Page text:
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Juan Diego Botto
Parallel storylines tell the current state of affairs for two ex-lovers: Nora's a single mother who comes to care for her terminally ill father; holed in up in mental ward, Ismael, a brilliant musician, plots his escape.
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Bernard Le Coq
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TV biopic recommended for Catherine Deneuve's admirers
This mini-series is certainly worth your time if you are into Freud, psychoanalysis and Catherine Deneuve. It tells the life story (well, the highlights) of Princess Marie Bonaparte (read eva2at's review for plot details), and obliquely throws some light on Freud's last years, roughly from 1925 to his death in 1939. Marie Bonaparte's life was so eventful and well documented (by herself, in extensive journals) that this 3+ hour mini-series at times seems short to do it justice, but anyhow we do get to know a fair deal about this controversial woman who lived the conflict of being -- all in one -- an anachronistic princess (by birth and by marriage) in a world that where royalty had lost its political power, as well as a woman ahead of her time fighting for self-knowledge, women's rights, sexual fulfillment and independence.
We witness Marie's relationship with her era, her family (including her hag of a grandmother and her closeted gay husband), her lovers, and above all, with Freud and his family: we mustn't forget she was the main responsible for getting Freud safely out of Nazi-ruled Vienna and convincing him not to destroy his correspondence with Fliess (she bought and safeguarded herself these all-important letters for posterity). Both Freud and his daughter Anna adored her and she had practically become a member of the Freud family in his final years, as Peter Gay avows in his monumental Freud biography. Marie became (with Freud's hearty support) a psychoanalyst herself, practicing until her death in 1962, and was personally chosen by Freud to lead the psychoanalytical movement in France.
I'm not a Freud scholar, so I can't tell about the verisimilitude of Marie's psychoanalytical sessions with Freud (things were probably more complicated than what's shown here), but the production designers did their homework in depicting Freud's famous Berggasse 19 house and office, with his valuable collection of objets d'art, the oriental rugs and the famous divan.
However, the film has its fair amount of flaws: many scenes seem to have been shot in a hurry, the supporting characters are shamefully underdeveloped, it looks like many scenes have been chopped and a there's a lot of loose ends (what happened to Marie's son Pierre? Did he marry the Russian Irene? Who was Eugénie's husband again? What happened to Freud's will? etc) but the essential angles of Marie's+Freud's relationship are there. Incidentally, a bigger budget was in dire need, as director Benoît Jacquot can only "suggest" the "big scenes" (her extensive travels, the royal receptions, the Nazi crowds); he has to use archive footage of Vienna, Paris, Rio de Janeiro, the Amazon and the rise of Nazism, though you can rely on Deneuve wearing fabulous wardrobe (well, she plays a princess!).
It's been some time since Catherine Deneuve really plunged into a part as she does here. We all know how great she can be when she's really interested and -- now that she no longer has the "burden" of proving to be an "ageless beauty", although it's true that she CAN look 15 years younger in medium shots -- she benefits from this one-of-a-kind character, perfectly suited to her personality and range as an actress. Deneuve's Marie is regal, rebellious, sensitive, outspoken, authoritarian, practical, selfish, loyal, vain, brave and committed. It's a full-blooded character that emerges and Deneuve's engaging performance is at its most effective in the analytical sessions when experiencing traumatic insights -- she really goes for it. A proof of her maturity as an actress and a woman.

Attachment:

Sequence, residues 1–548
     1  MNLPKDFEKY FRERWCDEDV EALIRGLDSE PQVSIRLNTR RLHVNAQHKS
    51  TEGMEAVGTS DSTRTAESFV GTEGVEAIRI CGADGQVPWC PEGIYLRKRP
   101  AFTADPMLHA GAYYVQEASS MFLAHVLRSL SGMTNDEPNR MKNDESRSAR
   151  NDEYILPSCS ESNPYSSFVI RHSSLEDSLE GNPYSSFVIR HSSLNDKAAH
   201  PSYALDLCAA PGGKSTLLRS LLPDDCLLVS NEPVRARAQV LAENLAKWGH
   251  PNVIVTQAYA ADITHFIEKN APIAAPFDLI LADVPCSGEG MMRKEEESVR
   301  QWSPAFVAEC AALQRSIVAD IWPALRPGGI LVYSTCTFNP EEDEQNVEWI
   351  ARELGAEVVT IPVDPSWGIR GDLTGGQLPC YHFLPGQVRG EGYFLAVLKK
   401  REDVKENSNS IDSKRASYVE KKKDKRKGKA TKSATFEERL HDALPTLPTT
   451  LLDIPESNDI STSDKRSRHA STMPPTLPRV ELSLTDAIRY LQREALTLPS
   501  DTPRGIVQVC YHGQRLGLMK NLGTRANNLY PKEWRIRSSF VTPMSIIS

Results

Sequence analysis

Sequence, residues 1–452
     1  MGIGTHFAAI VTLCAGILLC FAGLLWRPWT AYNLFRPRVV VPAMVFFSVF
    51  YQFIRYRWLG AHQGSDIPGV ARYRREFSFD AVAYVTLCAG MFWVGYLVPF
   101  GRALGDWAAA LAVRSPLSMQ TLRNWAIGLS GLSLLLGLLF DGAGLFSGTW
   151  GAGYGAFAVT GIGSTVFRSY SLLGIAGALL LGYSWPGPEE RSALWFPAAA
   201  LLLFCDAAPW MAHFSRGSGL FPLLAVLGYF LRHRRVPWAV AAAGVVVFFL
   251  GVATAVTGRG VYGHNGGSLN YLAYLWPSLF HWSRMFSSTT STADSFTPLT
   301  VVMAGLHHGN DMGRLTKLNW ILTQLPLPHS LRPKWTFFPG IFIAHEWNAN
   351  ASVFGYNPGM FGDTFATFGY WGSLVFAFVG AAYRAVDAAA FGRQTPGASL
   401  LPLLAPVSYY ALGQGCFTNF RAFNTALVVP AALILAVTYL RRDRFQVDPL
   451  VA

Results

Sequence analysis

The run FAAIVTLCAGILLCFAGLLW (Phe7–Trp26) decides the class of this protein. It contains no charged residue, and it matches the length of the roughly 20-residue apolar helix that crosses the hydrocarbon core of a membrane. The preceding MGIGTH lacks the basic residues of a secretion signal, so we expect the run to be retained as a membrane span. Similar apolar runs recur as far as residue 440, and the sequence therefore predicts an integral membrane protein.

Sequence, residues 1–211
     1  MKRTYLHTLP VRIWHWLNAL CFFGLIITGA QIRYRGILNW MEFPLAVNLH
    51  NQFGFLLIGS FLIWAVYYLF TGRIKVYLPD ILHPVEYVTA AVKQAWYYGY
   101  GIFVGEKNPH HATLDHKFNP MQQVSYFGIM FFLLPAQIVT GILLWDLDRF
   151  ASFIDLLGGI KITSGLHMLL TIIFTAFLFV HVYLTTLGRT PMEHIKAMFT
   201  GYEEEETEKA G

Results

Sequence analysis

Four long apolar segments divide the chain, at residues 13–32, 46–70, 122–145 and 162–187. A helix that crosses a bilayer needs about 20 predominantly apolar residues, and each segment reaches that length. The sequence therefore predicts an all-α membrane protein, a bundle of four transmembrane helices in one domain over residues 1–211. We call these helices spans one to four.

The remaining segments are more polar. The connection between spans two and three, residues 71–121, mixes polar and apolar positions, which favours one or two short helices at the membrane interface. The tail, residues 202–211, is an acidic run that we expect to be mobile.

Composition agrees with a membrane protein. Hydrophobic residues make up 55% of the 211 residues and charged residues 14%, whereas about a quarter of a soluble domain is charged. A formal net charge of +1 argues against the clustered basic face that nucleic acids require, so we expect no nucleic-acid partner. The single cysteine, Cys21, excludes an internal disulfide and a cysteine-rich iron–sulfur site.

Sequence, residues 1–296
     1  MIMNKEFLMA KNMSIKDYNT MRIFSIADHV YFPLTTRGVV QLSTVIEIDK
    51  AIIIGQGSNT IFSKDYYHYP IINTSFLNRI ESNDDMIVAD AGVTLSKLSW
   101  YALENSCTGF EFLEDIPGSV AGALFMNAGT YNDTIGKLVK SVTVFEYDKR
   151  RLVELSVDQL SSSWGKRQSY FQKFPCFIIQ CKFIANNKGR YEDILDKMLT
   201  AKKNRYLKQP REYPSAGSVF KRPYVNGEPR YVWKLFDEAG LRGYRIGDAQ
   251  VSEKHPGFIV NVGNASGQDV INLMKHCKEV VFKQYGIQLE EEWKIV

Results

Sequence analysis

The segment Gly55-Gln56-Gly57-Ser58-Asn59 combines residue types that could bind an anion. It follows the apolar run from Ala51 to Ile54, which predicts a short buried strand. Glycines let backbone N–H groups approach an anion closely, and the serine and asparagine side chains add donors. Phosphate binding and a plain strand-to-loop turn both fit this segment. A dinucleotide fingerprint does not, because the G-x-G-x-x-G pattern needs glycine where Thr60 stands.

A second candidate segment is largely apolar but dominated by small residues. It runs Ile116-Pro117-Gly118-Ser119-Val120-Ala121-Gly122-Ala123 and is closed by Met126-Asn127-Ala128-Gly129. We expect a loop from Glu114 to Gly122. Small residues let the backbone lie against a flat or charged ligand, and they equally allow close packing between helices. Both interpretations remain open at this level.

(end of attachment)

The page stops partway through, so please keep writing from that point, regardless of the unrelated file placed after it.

Heinz Bennent's Freud is equally fascinating. It's interesting to notice that, at the time of filming, Bennent was (amazingly!) 83, the age of Freud when he died in 1939. Bennent carefully builds Freud's character not only through remarkable physical resemblance but in successfully conveying the flashing intelligence, the sensibility, the stubbornness, the troublesome articulation (because of mandible cancer and painful palate prosthesis), his unlimited love for his daughter Anna (played by Bennent's real daughter Anne!), his fear of debts and constant worrying about money, the strictness melted down by ailing health, personal losses, war and old age (and wisdom, I suppose). The cast also includes nice surprises, like Marie's children Pierre and Eugénie played by gorgeous siblings Jowan and Isild Le Besco, and, in a small part, Deneuve's real-life son Christian Vadim playing the seducer of her own character as a young girl (how much more Freudian than that can you get?).
The film benefits from Benoît Jacquot's experience in period drama ("Adolphe", "Sade", "Tosca") and a script that -- though it occasionally follows the "miniseries" recipe and seems chopped for length's sake -- manages to include didactic psychoanalytical jargon and political references without sounding far-fetched; please have in mind this was made for a TV audience, not the art film circuit. Yes, it might have been better, but if you're a fan of Deneuve, Bennent or Marie Bonaparte you won't want to miss this one.
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